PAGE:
10/08/2013 05:20 EDT | Updated 12/18/2013 06:15 EST

The Main Ingredients Challenge #4: Multicultural Meal (Chef's Meal)

This week's challenge is a way to celebrate this multicultural menu and use our twelve chosen ingredients in an ethnic way with a breakfast, lunch or dinner. I've chosen to make dinner and put my spin on some Italian specialties.

Travelling for me is not only a way to unwind and turn off the engine but also my greatest source of culinary inspiration. There are times when I've had to come up with so many new recipes on the fly that I literally think "That's it! I can't think of one more recipe!" Then we take a trip; I get inspired by the smells, colours and techniques of a new city, and -- shazam! -- I'm back at the stove top.

The one thing that I keep coming back to is the appreciation for the enormous variety of ingredients available in markets, stalls and on shelves across this incredible land. It's one of the few places on the planet where this multicultural cloth is woven so seamlessly. Where we can sit at a table with French, Italian, Chinese, Thai and Bangladeshi ingredients and we may not even realize it.

This week's challenge is a way to celebrate this multicultural menu and use our twelve chosen ingredients in an ethnic way with a breakfast, lunch or dinner. I've chosen to make dinner and put my spin on some Italian specialties.

To put a spin on or be inspired by a cuisine of a certain country you first need to understand it. Be curious about it. The essence of Italian cuisine is in its simplicity and quality of ingredients, so I'm applying that theory to a simple combination of fall ingredients that isn't really traditional.

Turkey Scallopini with Apples and Sage

Photo gallery The Main Ingredients II: Chef's Meal 4 See Gallery

The Main Ingredients used (both recipes):

• Apples

• Cauliflower

• Ricotta cheese

• Edamame

• Squash

• Turkey

Scallopini is a cutlet often made of veal but why not try it with turkey? I didn't say it was going to be classic! Furthermore, I was thinking of the flavours of a turkey stuffing without all the starch. Best of all, you can make this dish in about 20 minutes. The Granny Smith apple is my favourite for this recipe because it's tart and doesn't inject too many sweet notes into this savoury plate.

Ingredient list:

• 450 gm (1 lb.) turkey breast fillets (scalloppini) pounded about ¼ inch thick (4 pieces)

• Freshly cracked black pepper to taste

• Flour for dredging

• 5 ml (1 tsp.) fresh sage, chopped

• 25 ml (2 tbsp.) olive oil

• 1 Granny Smith apple, diced

• Juice of ½ lemon

• 60 ml (¼ cup) low sodium chicken stock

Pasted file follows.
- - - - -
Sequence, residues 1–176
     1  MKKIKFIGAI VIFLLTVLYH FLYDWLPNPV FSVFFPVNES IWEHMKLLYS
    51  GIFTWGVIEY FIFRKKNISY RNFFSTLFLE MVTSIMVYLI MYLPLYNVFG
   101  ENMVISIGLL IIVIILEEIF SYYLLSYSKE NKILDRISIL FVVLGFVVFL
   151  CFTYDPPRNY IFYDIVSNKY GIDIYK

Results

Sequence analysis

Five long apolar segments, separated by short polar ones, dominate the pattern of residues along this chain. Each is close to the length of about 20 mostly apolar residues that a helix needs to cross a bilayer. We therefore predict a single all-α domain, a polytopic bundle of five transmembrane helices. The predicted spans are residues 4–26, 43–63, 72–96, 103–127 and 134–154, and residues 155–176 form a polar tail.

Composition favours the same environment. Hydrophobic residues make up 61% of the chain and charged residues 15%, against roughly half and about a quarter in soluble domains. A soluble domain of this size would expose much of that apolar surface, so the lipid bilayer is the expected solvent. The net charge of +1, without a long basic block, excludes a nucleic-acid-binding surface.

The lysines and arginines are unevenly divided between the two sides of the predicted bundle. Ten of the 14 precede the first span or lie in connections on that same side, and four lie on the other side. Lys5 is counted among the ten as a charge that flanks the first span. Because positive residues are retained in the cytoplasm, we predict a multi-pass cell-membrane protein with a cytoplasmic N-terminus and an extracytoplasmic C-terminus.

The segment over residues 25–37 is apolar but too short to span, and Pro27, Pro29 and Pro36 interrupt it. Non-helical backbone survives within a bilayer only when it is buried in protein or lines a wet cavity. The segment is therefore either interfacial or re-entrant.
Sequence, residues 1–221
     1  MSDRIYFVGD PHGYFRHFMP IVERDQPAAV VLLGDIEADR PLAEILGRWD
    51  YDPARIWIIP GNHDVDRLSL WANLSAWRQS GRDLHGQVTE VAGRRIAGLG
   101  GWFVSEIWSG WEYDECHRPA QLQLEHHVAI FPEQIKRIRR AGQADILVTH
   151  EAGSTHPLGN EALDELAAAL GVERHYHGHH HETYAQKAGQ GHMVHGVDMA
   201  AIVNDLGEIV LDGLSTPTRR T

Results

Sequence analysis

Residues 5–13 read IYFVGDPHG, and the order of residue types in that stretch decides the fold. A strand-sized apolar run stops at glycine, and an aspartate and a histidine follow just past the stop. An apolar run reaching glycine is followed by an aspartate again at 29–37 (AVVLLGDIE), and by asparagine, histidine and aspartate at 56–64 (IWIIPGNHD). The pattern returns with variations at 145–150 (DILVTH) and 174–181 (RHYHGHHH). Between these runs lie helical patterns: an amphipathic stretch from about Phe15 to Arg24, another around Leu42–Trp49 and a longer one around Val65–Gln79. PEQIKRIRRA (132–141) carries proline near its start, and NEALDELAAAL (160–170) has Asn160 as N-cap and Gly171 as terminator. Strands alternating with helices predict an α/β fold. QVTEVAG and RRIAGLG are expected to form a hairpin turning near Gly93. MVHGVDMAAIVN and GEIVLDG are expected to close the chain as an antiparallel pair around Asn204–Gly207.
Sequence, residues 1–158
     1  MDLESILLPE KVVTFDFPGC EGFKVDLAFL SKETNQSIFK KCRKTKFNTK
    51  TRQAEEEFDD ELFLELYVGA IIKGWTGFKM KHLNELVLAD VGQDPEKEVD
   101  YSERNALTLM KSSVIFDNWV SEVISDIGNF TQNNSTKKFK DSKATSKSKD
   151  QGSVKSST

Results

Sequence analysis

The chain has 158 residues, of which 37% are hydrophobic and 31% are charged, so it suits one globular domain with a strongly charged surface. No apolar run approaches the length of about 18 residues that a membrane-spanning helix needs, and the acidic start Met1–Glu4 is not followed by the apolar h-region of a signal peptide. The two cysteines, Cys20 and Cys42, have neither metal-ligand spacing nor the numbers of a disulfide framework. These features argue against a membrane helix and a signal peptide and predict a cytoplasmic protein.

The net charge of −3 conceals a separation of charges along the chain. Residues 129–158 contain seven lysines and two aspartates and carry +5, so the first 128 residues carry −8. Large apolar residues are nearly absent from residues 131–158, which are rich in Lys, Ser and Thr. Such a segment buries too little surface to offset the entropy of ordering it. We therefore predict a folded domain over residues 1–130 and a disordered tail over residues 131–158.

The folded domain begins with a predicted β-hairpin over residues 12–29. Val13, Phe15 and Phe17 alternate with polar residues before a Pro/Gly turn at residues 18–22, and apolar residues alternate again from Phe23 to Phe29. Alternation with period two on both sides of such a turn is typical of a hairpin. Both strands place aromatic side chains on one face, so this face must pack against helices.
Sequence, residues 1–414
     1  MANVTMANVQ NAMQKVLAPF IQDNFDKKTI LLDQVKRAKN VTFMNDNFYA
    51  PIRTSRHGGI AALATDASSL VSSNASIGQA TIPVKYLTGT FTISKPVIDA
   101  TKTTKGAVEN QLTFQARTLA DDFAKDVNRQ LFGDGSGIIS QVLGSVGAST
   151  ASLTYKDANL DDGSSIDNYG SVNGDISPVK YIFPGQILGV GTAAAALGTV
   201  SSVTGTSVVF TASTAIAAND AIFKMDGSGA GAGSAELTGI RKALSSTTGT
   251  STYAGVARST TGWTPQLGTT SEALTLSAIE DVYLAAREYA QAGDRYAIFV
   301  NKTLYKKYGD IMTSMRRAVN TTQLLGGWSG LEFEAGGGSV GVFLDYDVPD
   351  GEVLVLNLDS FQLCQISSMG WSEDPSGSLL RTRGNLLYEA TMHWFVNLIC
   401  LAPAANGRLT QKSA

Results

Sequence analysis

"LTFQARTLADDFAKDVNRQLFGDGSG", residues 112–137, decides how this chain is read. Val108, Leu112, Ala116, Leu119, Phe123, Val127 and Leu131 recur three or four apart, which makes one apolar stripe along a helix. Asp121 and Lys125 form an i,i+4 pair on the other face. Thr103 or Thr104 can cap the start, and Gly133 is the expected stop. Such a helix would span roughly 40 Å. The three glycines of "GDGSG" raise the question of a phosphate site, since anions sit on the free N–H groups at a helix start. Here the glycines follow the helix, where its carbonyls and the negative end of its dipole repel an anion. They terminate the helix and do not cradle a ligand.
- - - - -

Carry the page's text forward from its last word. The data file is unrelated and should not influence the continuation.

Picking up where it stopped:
Preparation: Season turkey with pepper and rub with chopped sage. Coat lightly on both sides in flour. Heat 1 tbsp. olive oil in a large skillet, over medium high heat. Pan-fry the turkey slices until golden, about 1 minute. Flip slices and brown on other side for another 1 minute, until golden and firm. Transfer to a plate.

Return same pan to medium heat and add remaining olive oil and the diced apples. Sauté for 2 minutes until apples are golden and still slightly firm. Add the lemon juice and chicken stock and simmer for 2 minutes, just to cook through and reduce sauce.

Return the turkey slices to sauce and simmer for 1 more minute just to ensure turkey is fully cooked.

Makes 4 servings

The Verdict: I love turkey more in its variety of cuts than as a whole bird and I've had to convince my husband that he does also. To my surprise, he is discovering the comfort in this less festive version because it's very moist and comes together in a flash. Oh, and there are not too many dishes to clean up -- his department.

Bowtie pasta with squash, ricotta and cauliflower

Italians will make pasta with just about anything, even other starches like potatoes. With my interpretation I wanted to continue the fall theme by combining the squash with allspice and the cauliflower. The ricotta adds some protein and gives the whole dish a creamy texture. This dish is best served once made.

Ingredient list:

• 250 grams (½ package) bowtie pasta

• 45 ml (3 tbsp.) olive oil

• 125 ml (½ cup) diced butternut squash

• 1 sprig rosemary

• 2 large cloves garlic, chopped

• 2 ml (1/2 tsp.) chili flakes or fresh chopped chilies

• Pinch ground allspice

• 125 ml (½ cup) low sodium chicken stock

• 250 ml (1 cup) cauliflower florets

• 125 ml (1/2 cup) shelled, frozen edamame beans

• 80 ml (1/3 cup) low fat ricotta cheese

• 1/2 bunch fresh basil, chopped

• Salt and freshly cracked black pepper

• 50 ml (¼ cup) freshly grated Parmesan cheese

Preparation: Cook pasta in boiling water for about 8-10 minutes or until al dente.

Meanwhile, in a large skillet heat olive oil over medium heat and sauté squash with rosemary, garlic, chili and allspice until golden, about 3 minutes. Add the chicken stock and bring to a boil. Reduce heat to medium low and simmer uncovered until reduced by half, about 5 minutes. Add the cauliflower florets and edamame and season with freshly cracked black pepper. Simmer until cauliflower is tender, about 3 minutes. Remove from heat.

Drain pasta and toss with vegetable sauce. Add the ricotta, basil and Parmesan. Adjust seasoning and serve immediately with turkey scallopini.

Makes 4 servings

The Verdict: Being the official cook at home, for friends and family, gives me the advantage of knowing everyone's preferences. Or is it a liability? Because in my head I start editing a recipe before I've even cooked it, thinking they would prefer it another way instead. I think even my Italian friends would find this whimsical combination of pasta squash, cauliflower and edamame very satisfying. My husband was not sold on the first mouthful, mostly because it's not a classic Italian interpretation but he's soon heading over for a refill. Buon Appetito!